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At a New York Times printing plant in College Point, Queens, the soundtrack is usually the rapid thwap, thwap, thwap of blank paper turning into the next edition. But one night in February, thanks to a famous Beatle and the singer Dominic Fike, things got a little more musical.
“Have you,” Mr. Fike sings in a music video shot at the plant, “read the paper?” The song is a cover of Paul McCartney’s “The Kiss of Venus,” and Mr. Fike is shown at the plant taking in the 14 miles of conveyor belts ferrying copies of The Times all around him.
With the presses rolling and assembled copies sailing overhead, he glances at the dizzying activity and sings, in verses he added to the track, about people’s differences on issues and the media. “What’s your take on it?” he asks.
The 78-year-old former Beatle himself makes a cameo at the end of the video, seated on a bench outside London. He whistles the tune as the camera zooms in on the copy of The New York Times International issue he is perusing. Mr. McCartney slowly lowers the paper to reveal wide eyes and a shock of gray hair. Then he raises his eyebrows and grins.
“Paul whistled that perfectly the first time,” Jack Begert, who directed the video, said. “He’s elite.”
Mr. Begert added that the image of Mr. McCartney enthusiastically poring over a copy of the paper underscores that he, ultimately, is the source of the music. “Even though Dom reimagined that song, at the end of the day, it’s a Paul McCartney song,” Mr. Begert said.
Last year, Mr. McCartney wrote and recorded “The Kiss of Venus,” a smooth acoustic ballad, for his recent solo album “McCartney III.” Mr. Fike’s reimagined version — an R&B pop earworm — is part of the album “McCartney III Imagined,” out Friday, which features A-listers covering “McCartney III” tracks.
So how did The New York Times score a starring role in Mr. Fike’s video?
Mr. Begert said that he considered “The Kiss of Venus” a reflection of the stop-and-go energy of modern life — and that when the time came to conceptualize a video, his first thought was New York. “It’s still and beautiful, but also crazy,” he said.
The video’s creative director, Reed Bennett, suggested the Times printing plant. “I was like, ‘That’s perfect,’” Mr. Begert said. “I wanted to link back to the theme of one person feeling small but also like they have a really important place in the universe.”
The cavernous, 550,000-square-foot plant — about the size of 11 and a half football fields — prints copies of The Times each night, along with copies of Newsday and USA Today.
The presses are generally quiet during the day, but at night, the seven cerulean blue behemoths — each several stories tall — roar to life. “It gets your adrenaline pumping,” Nick D’Andrea, the vice president of production at the College Point plant, said. “You get that excitement as they start up to get the paper out.”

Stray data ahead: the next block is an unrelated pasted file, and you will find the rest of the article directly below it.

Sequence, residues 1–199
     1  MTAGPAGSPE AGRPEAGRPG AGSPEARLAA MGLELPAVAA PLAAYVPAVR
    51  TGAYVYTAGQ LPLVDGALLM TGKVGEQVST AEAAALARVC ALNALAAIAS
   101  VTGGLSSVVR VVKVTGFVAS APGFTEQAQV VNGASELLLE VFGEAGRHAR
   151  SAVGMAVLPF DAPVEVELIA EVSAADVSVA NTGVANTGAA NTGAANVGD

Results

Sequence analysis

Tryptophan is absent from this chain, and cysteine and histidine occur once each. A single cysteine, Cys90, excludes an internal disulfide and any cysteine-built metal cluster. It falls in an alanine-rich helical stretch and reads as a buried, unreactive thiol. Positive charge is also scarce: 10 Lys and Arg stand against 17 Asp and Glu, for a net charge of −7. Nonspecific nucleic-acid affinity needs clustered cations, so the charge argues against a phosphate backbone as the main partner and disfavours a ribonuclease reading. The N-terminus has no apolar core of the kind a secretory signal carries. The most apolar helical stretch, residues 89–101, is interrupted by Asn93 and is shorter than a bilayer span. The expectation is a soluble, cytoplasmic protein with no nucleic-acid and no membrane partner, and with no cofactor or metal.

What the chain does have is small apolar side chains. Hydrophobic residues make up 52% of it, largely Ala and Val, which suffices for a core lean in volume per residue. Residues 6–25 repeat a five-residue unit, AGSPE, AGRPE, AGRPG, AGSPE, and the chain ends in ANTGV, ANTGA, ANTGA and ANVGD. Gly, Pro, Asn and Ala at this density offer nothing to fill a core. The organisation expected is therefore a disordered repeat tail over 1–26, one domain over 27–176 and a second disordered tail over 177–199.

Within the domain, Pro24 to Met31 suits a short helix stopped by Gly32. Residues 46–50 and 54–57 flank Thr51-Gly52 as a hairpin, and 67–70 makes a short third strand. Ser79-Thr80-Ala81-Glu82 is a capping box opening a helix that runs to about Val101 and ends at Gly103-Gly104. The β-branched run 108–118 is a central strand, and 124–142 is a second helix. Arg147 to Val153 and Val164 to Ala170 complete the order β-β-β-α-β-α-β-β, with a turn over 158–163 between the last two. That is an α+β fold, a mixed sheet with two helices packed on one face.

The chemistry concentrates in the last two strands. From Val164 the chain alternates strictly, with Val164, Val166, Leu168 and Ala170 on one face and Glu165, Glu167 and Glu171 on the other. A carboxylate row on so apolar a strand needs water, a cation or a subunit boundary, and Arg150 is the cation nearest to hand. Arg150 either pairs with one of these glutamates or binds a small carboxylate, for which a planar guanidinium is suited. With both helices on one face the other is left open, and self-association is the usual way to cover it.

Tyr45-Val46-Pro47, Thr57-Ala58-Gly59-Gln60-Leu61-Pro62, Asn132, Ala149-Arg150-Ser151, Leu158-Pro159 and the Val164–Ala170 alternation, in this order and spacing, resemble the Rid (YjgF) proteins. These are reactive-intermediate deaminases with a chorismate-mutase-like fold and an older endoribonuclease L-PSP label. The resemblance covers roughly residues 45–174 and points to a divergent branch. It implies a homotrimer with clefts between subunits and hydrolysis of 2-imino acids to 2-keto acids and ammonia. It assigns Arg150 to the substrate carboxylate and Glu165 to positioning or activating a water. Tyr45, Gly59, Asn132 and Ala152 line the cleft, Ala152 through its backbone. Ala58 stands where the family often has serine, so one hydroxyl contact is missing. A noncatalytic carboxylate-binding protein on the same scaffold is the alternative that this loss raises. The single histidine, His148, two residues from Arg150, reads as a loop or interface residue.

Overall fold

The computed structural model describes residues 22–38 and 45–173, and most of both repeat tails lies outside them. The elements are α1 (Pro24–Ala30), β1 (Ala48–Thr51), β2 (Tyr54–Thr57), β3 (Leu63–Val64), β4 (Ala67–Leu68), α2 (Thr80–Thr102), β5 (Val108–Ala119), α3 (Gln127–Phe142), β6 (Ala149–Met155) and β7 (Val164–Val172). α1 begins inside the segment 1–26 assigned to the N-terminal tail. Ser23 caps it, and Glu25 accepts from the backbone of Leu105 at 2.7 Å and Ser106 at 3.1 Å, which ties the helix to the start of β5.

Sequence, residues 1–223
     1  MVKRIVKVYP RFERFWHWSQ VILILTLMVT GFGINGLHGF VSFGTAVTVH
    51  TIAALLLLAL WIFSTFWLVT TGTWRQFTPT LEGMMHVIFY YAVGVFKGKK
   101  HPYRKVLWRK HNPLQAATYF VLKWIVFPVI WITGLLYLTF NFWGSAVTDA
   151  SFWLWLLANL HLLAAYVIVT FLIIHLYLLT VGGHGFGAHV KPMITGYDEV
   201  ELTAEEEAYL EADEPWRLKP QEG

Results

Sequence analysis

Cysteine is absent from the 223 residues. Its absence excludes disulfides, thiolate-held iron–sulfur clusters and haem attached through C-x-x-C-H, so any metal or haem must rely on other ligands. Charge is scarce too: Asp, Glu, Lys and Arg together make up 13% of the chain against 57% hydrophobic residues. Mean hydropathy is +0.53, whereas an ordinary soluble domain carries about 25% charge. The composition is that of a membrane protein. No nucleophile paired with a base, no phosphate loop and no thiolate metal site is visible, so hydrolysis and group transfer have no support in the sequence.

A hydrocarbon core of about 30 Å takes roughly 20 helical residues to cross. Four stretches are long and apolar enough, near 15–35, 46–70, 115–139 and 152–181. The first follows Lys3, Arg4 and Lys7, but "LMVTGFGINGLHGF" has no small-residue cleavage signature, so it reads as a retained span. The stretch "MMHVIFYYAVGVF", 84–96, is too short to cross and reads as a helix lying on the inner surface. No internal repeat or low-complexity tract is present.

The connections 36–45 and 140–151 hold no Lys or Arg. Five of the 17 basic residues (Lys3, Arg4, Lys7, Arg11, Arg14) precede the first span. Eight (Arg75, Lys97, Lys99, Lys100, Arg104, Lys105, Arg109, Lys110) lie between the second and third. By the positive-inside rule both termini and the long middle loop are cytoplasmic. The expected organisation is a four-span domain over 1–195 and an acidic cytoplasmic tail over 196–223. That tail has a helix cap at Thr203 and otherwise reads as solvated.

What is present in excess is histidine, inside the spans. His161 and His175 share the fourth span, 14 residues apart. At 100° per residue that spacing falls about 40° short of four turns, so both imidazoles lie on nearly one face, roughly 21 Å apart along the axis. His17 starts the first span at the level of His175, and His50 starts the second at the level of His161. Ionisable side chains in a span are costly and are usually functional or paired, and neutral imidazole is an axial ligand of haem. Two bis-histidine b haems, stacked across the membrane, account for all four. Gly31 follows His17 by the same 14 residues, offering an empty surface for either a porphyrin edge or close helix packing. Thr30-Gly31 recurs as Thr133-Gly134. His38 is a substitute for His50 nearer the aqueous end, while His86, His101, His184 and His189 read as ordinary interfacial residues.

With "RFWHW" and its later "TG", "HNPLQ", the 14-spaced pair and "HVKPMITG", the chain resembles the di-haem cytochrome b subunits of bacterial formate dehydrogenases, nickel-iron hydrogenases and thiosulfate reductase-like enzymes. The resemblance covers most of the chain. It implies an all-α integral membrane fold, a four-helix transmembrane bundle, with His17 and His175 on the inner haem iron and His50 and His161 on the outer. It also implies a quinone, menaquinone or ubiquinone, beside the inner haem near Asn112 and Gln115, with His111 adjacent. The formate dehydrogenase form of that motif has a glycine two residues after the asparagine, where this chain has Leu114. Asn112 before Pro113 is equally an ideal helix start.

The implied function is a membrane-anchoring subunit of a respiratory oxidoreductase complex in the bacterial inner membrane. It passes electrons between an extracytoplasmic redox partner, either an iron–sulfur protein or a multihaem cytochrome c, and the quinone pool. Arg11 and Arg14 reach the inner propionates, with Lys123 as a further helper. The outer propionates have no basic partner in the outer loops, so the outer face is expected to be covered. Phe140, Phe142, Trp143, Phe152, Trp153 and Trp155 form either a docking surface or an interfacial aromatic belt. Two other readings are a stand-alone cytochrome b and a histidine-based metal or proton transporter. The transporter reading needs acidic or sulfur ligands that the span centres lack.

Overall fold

The late edition of the paper goes to press at about 10:15 p.m., so a video crew of eight showed up a little before then on a Friday night in February to scout potential shots, Mr. Begert said. After that, the pressure was on: They had a few hours — max — until the presses shut down for the night.
“We just knew we had to move as quickly as possible to get all the different shots we wanted,” Sam Canter, the executive producer of the video, said.
Once they began shooting, Mr. Fike marveled at the organized chaos happening around him.
“I don’t know what I expected, but it was surreal,” he said in an interview. “It felt like the North Pole, like Santa’s elf factory on the evening of Christmas.”
This isn’t the plant’s first on-screen appearance. It got around two minutes of time in a scene in “The Bourne Legacy” — which took three days to shoot — and has been featured in episodes of “30 Rock,” “Elementary” and a couple of commercials.
Mr. D’Andrea, who has worked at Times production facilities for 46 years, said visitors were often taken aback by the plant’s team of laser-driven robots, which glide around replacing rolls of paper on the presses.
“People are always like, ‘I didn’t know you could do that,’” he said.
But Mr. Fike had the opposite reaction. “I was surprised by all the original machinery and how old it was,” he said. “Everything that ever happened was printed there, recorded and written down.” Maybe not quite everything, but still plenty of history. Mr. Fike said he was particularly taken with a page (printed at a different plant) showing the 1969 moon landing.
Although Mr. Fike is not an avid news consumer, the experience of seeing the presses and sensing some of the history there might have had an influence on him. “I’m not a news guy. But I love the NYT and I’m going to start reading the news,” the 25-year-old singer said. “That’s what people do when they get older.”
Well, perhaps, but reading the news can help keep you young, too. Just ask a 78-year-old whistler.
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